Florence suddenly feels very lightweight having x-posted with CMOTdibbler and runs back to S&B where she belongs.
TO:2ChildrenPlusLA I think the transport secretary is looking at this on the east coast main line or at least I read it somewhere.... the truth is that we are putting public subsidy into the railways but i take the general point about rail fares. If you book early, it is cheaper...
Ed Miliband - Thank you very much.
The Environment agency report assumes that people dry and iron their nappies and that people only use them for one child. Most people who use nappies do not iron or dry them and everyone re-uses nappies. Mine are on their fourth child [not my fourth child but bought second-hand].
The Environment agency report was poorly researched and lacked a basic understanding of how people actually use cloth nappies.
on nappies, I will look at the report again. depends where you live as to whether you can hang nappies out to dry....
Ahem - Harnessing wave energy? Is it the future?
Hi, try as I might I can't whip up much enthusiasm for it all. How can you motivate people like me to do something?
TO:stickylittlefingers yes, we are introducing feed in tariffs which pay for you having solar panels and selling back to the grid....from april
Option A: Not have another child.
Option B: stop flying, turn off lights not using, switch to a green tariff, turn down heating, cycle everywhere and get rid of car, grow own veg, and lots of other green things.
Which do you think those of us who already have at least one child should do?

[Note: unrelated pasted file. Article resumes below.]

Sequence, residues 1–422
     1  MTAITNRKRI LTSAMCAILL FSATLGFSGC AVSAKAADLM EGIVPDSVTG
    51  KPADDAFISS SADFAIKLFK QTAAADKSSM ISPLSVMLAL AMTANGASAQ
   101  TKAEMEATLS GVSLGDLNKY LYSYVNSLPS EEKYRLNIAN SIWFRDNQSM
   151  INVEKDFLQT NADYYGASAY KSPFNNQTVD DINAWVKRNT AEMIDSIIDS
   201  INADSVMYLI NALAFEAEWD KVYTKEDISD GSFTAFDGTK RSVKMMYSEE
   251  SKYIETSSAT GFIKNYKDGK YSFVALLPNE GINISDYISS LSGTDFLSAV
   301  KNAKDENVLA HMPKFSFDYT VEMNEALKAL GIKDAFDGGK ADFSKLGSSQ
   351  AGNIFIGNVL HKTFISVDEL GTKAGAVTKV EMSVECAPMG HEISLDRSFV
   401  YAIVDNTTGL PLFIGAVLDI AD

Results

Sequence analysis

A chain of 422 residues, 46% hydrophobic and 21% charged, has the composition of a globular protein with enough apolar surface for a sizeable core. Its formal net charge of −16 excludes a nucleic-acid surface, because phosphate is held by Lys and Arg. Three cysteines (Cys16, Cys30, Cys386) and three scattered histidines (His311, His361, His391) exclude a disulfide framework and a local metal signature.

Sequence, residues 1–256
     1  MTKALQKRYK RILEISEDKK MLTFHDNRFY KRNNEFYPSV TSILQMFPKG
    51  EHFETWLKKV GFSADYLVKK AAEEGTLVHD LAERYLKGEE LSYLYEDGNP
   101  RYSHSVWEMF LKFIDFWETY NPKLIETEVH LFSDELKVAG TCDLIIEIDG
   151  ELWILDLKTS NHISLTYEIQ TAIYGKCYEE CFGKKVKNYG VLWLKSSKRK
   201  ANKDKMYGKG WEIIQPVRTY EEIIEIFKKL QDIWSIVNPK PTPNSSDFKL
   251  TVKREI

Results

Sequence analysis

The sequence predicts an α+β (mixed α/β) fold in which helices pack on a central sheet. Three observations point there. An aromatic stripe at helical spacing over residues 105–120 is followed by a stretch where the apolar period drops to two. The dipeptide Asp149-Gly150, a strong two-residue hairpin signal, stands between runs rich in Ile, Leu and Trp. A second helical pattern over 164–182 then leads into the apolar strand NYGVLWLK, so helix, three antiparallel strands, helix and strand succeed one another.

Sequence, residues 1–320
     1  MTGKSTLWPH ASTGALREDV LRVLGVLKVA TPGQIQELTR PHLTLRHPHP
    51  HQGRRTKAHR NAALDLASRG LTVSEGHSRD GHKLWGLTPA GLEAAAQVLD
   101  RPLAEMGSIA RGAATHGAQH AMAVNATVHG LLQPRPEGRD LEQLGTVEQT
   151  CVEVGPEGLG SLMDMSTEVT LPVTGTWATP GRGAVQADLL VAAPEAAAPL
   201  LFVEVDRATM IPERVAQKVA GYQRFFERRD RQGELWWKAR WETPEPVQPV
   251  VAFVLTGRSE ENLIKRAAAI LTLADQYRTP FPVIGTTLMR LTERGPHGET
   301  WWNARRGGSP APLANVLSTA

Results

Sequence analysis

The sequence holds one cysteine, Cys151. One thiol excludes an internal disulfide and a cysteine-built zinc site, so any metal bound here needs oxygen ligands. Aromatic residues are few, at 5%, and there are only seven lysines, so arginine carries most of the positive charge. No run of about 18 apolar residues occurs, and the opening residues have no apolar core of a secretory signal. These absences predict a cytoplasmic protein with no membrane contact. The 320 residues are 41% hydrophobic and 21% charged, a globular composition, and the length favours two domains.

Oh, Ed, don't cross the good women of mumsnet on the subject of renewables: I promise you we have more experience than the Environment Agency on the subject.
Come back to safer territory...climate change denialists? Slightly wierd figures used in smart meter costing?
Can you answer my question about why Gordon Brown sold off our energy companies?
Here are some articles about it I have just Googled.
He said it was to diversify risks - what risks does it diversify if we have to rely on other countries for our power plants? Also if we don't own the companies then won't they just fleece us?
We saw what happened to gas prices when Russia held Europe to ransom.
The Guardian article warned this would happen.
You should give cloth nappies a try - really, that report was a disgrace - they thought people ironed them, and boil washed. My nappies were second hand to begin with, got washed at 40, never ironed, mostly line dried, and I only used half amounts of detergent at most.
In fact, I can lend you some nappies to try if you like - unlike disposables, mine have been used and are ready to pass onto another baby
Well, I dry mine in the flat overnight on a drying rack. I live in a poorly insulated and poorly heated council flat. It is freezing in here but my nappies dry overnight.
Mr Miliband - Congratulations on becoming a father ! Was your son born in an NHS hospital? If he wasn't, then why and what would the Govt. have to change to make you consider using an NHS hospital in the future? And if he was, were you pleased with the level of care you received?